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Hazing, where does the Objectivist stand?

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Do you consider hazing (as defined below) to be morally acceptable?  

48 members have voted

  1. 1.

    • Yes, now where did I put my axe-handle?
      6
    • No thanks, I bruise easily.
      3
    • Yes, as long as I?m not on the receiving end.
      1
    • No, hazing is contradictory to Objectivism, and I?ll explain why.
      10
    • Yes, and I?ve got the red ass to prove it.
      3
    • No, and this is the wittiest poll I?ve seen on this site.
      3
    • Yes, and this poll is pointless.
      4


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How a man looks outwardly does not necessarily reflect the his values and character; show me his work, or his lover...now that speaks volumes.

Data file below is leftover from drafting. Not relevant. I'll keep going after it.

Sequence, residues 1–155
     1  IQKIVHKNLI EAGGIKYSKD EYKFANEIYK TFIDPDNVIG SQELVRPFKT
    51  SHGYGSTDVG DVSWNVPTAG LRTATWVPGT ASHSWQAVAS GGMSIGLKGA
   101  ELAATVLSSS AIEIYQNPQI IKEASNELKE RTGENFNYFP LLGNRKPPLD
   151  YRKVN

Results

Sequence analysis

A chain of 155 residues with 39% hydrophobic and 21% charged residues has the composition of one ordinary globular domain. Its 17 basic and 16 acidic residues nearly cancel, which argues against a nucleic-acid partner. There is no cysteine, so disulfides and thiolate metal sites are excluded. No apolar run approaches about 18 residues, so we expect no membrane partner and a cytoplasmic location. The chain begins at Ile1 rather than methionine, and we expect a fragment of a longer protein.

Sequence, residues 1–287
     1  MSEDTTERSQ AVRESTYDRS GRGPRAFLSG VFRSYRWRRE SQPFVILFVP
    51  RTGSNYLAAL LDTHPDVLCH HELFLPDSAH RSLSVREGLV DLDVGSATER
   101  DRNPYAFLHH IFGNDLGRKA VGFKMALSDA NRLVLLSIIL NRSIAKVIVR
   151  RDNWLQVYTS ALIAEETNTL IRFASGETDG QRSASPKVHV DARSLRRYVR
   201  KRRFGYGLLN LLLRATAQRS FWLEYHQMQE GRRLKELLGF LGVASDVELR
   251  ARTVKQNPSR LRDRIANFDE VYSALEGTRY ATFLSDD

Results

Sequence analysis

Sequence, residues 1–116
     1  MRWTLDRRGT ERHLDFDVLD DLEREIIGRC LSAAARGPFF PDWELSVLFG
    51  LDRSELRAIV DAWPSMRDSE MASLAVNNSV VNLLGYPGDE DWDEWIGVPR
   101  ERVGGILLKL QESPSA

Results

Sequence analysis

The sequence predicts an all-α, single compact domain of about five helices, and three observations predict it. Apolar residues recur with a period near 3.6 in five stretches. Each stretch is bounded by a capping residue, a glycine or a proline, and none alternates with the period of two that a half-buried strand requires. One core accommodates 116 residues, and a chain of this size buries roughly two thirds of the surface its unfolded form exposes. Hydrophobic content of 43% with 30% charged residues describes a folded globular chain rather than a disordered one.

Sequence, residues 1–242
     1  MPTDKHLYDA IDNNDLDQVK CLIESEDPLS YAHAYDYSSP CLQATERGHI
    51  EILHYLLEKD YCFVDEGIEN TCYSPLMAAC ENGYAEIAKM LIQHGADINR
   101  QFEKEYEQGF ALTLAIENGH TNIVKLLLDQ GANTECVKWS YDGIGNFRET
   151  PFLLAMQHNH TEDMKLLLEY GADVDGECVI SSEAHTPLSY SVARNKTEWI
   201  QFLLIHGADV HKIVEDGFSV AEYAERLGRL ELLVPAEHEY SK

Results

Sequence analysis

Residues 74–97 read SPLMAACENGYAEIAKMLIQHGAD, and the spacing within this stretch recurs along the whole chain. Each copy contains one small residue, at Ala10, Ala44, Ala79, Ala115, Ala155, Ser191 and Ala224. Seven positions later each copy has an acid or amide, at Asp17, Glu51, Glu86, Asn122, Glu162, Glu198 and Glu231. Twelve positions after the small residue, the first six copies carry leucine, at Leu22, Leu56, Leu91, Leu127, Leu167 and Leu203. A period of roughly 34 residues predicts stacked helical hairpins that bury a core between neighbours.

It doesn't reflect his values...in other words, you can't tell a rational person by how he dresses. But, it reflects certain positive values such as self-discipline and attention to detail. I'm the same way as him...because of my experieces, I feel uneasy if I don't dress well or keep myself well-groomed. You should come look at my apartment sometime and tell me how many other college students you know with apartments this clean.

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How a man looks outwardly does not necessarily reflect the his values and character; show me his work, or his lover...now that speaks volumes.

I am going to have to disagree with you on that one. You can tell a lot about a person from the way he handles himself physically.